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Meeting for a coffee, going bowling, hiring a boat – these kinds of dates belong in a museum. But although the Museum of Dating is (sadly) a figment of our imagination, these other curious London institutions do in fact exist, and are increasingly becoming some of the city’s most popular venues for first dates. And, if you’re visiting from overseas, what better way to impress a local by taking them somewhere they didn’t know about? So, submit to the age of information and decide which of these museums would suit your latest Tinder tête-à-tête. And, just in case you find each other as captivating as the exhibits, we’ve recommended the nearest boutique hotel to continue your, um, education.

Museum of Automation, Holborn
There was a time when automata were sideshow curios for moneyed Victorians. Then robots began building our cars and classifying our search results, and entertainment moved wholesale onto our screens. These days, interactive robots built solely for pleasure purposes are once again an oddity, and some of the world’s most satirical are on standby at the Museum of Automation, a surprisingly surefire date-day success story. Do battle for the house, the kids and the dog at the divorce-o-meter; experience Pong the video game as controlled by a pair of exercise bikes; and get Barry White’s surreal brand of romantic advice via a supernatural pay phone.
Nearest station Chancery Lane
Sleepover The Rookery

Pollock's Toy Museum, London, England

Pollock’s Toy Museum; photo by Ian Halsey/Flickr CC

Pollock’s Toy Museum, Fitzrovia
This might sound creepy and, to be fair, if you’ve convinced your date to come with you to a toy museum, then half the battle’s won. But with a little bit of exposition, perhaps peppered with the odd joke about ‘toy boys’, Pollock’s Toy Museum is actually date-day gold. For what better way is there to break the ice than reminiscing over shared childhood nostalgia? And when it comes to facing those terrifying Victorian dolls, you’ll be right there to hold each other tight.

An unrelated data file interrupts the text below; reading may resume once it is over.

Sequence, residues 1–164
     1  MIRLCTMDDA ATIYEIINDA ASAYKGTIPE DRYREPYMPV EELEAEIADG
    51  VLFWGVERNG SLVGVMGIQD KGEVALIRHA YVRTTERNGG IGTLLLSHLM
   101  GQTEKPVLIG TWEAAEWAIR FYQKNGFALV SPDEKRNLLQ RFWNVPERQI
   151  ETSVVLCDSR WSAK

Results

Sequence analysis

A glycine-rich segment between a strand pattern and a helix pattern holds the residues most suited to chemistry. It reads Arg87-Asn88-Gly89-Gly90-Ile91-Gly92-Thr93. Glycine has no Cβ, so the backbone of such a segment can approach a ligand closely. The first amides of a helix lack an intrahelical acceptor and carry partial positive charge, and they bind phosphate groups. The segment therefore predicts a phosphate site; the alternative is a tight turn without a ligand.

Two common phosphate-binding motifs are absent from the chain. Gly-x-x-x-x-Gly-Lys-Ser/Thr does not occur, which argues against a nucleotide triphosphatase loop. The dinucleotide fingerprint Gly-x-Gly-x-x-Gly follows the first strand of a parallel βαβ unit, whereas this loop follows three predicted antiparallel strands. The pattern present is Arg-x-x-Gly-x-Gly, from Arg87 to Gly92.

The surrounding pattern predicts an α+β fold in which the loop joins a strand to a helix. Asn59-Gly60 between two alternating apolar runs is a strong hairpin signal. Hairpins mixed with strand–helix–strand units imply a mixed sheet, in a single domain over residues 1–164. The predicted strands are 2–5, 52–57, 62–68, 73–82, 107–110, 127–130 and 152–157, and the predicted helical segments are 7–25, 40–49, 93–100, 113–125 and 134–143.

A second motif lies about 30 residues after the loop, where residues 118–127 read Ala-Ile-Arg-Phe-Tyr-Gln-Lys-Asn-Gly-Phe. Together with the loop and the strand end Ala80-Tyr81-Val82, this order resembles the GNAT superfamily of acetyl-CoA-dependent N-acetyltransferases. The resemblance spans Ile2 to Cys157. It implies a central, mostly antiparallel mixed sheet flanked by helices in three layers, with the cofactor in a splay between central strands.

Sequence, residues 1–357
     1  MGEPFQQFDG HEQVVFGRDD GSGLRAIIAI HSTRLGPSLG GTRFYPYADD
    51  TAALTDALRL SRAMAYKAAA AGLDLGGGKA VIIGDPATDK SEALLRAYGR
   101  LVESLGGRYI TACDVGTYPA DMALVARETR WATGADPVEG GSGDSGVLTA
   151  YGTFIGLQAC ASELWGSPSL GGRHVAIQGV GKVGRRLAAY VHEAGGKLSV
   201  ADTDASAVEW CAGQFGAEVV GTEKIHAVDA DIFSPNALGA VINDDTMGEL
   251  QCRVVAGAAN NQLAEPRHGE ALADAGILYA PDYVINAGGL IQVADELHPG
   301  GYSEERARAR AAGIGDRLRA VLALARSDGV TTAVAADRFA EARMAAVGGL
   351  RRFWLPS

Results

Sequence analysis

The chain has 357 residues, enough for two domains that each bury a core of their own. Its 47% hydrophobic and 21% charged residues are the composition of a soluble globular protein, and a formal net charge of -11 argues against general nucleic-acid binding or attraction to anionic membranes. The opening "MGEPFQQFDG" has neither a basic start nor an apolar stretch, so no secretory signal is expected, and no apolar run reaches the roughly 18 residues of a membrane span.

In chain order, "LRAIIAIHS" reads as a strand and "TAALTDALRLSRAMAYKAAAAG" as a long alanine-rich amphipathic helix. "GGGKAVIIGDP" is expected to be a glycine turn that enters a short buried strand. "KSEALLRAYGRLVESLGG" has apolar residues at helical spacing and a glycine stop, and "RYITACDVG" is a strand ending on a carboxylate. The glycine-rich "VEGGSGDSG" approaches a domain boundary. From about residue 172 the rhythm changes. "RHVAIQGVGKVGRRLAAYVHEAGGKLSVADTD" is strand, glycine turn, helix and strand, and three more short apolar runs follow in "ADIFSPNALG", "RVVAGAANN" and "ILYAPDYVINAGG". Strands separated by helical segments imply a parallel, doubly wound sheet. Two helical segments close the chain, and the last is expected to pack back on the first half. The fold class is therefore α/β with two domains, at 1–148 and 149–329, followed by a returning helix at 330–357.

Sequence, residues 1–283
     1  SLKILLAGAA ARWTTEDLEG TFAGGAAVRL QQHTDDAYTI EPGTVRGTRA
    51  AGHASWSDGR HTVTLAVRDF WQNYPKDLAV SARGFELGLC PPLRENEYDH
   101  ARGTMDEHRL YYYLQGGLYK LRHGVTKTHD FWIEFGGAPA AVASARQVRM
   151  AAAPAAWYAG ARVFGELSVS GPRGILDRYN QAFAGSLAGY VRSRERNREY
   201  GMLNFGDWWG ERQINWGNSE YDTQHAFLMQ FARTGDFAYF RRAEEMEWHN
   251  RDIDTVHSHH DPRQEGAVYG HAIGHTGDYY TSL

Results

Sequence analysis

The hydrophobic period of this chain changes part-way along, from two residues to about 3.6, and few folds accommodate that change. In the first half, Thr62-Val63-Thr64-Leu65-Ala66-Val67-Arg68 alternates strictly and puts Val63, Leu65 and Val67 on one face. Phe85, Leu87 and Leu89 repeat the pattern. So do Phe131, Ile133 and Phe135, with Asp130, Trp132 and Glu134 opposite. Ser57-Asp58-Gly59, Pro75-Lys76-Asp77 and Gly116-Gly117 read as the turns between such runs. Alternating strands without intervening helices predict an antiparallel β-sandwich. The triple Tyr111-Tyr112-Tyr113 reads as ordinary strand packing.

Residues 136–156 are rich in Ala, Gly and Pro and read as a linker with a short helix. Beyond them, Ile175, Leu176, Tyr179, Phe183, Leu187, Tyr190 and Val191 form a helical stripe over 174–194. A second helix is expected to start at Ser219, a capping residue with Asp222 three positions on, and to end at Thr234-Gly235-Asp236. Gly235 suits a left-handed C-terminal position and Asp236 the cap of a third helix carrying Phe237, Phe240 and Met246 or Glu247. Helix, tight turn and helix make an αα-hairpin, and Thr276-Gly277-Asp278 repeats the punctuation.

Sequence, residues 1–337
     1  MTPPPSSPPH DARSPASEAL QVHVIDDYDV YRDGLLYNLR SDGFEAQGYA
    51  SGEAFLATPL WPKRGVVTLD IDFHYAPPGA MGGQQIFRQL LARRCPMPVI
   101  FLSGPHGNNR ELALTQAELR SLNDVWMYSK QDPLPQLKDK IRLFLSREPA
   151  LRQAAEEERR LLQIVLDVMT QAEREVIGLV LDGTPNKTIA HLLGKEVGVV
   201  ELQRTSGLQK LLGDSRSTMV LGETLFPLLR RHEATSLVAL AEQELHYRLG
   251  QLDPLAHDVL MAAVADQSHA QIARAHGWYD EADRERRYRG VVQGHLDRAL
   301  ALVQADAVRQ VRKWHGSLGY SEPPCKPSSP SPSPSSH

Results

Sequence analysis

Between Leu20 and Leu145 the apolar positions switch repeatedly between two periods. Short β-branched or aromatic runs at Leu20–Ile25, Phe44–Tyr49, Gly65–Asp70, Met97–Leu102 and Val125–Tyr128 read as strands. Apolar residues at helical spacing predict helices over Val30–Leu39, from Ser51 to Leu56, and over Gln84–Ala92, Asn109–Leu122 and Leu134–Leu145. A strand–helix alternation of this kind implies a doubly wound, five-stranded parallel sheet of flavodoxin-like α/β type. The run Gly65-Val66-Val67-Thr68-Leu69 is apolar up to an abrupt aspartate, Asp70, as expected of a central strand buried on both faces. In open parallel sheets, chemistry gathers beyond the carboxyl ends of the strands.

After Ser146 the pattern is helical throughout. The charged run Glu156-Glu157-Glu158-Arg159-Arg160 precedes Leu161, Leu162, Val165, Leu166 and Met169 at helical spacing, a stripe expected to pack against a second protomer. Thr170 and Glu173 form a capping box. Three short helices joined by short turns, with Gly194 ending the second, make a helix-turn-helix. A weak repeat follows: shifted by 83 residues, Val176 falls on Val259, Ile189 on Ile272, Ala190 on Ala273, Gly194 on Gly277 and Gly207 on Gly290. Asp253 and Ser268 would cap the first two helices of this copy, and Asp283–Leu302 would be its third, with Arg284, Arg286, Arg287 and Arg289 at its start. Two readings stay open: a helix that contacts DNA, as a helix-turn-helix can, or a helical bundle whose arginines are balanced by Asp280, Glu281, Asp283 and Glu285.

Nearest station Goodge Street
Sleepover Charlotte Street Hotel

Freud Museum, Camden
Wait, we know what you’re thinking (geddit?) and, sure, the Austrian psychoanalyst had some fairly kinky ideas, but what safer environment to get those Freudian slips out the way early? And let’s be honest, none of us have time for fourth and fifth dates where you’re still feeling each other out (not like that, naughty). So, sit them down on the proverbial couch (you’ll find Freud’s most famous piece of furniture here, though sadly not to sit on) and work out what makes each other tick right at the get-go.
Nearest station Finchley Road
Sleepover York & Albany

Sir John Soane's Museum, London, England

A Rake’s Progress: Plate 3, the Orgy 1733 by William Hogarth at Sir John Soane’s Museum

Sir John Soane’s Museum, Lincoln’s Inn Fields
The results of four decades’ hoarding by the architect of the Bank of England doesn’t immediately scream ‘date night’, granted. But, as an 18th-century knight of the realm, Sir John amassed some seriously out-there items certain to oil those awkward opening conversations. There’s the alabaster sarcophagus of an Egyptian pharaoh; a Victorian orrery (or astronomical clock) accurately depicting the positions of the earth, sun and moon; and one of Britain’s most famous series of paintings, Hogarth’s The Rake’s Progress, telling the tale of a rambunctious merchant’s son who arrives in London, squanders his money on gambling and prostitution, and ends up in a madhouse.
Nearest station Holborn
Sleepover Henrietta Hotel

Brunel Museum, Rotherhithe
In most relationships you’ll find a healthy balance between creative flair and stoic pragmatism. Wouldn’t it be useful to find out which camp you’d be in if you and your date were destined to a future together? Then take a trip along the South Bank to Rotherhithe for an inspection of the Brunel Museum. Pay close attention to your date’s expression as you stare into the famous engineer’s Thames Tunnel: are they thinking ‘Eighth Wonder of the World’ or ‘glorified pit in the ground’? Afterwards, head across the road to the charming Mayflower pub to discuss who resembles who: are you the aforementioned industrialist? Or do you lean to the right side of the brain like, say, one of London’s first great creatives, William Shakespeare, who more than likely glugged ale and tested out rhyming couplets in your exact seat.
Nearest station Rotherhithe
Sleepover Batty Langley’s

Featured image is the Grand Entrance Hall, part of Isambard Kingdom Brunel’s Thames Tunnel; photo courtesy of the Brunel Museum

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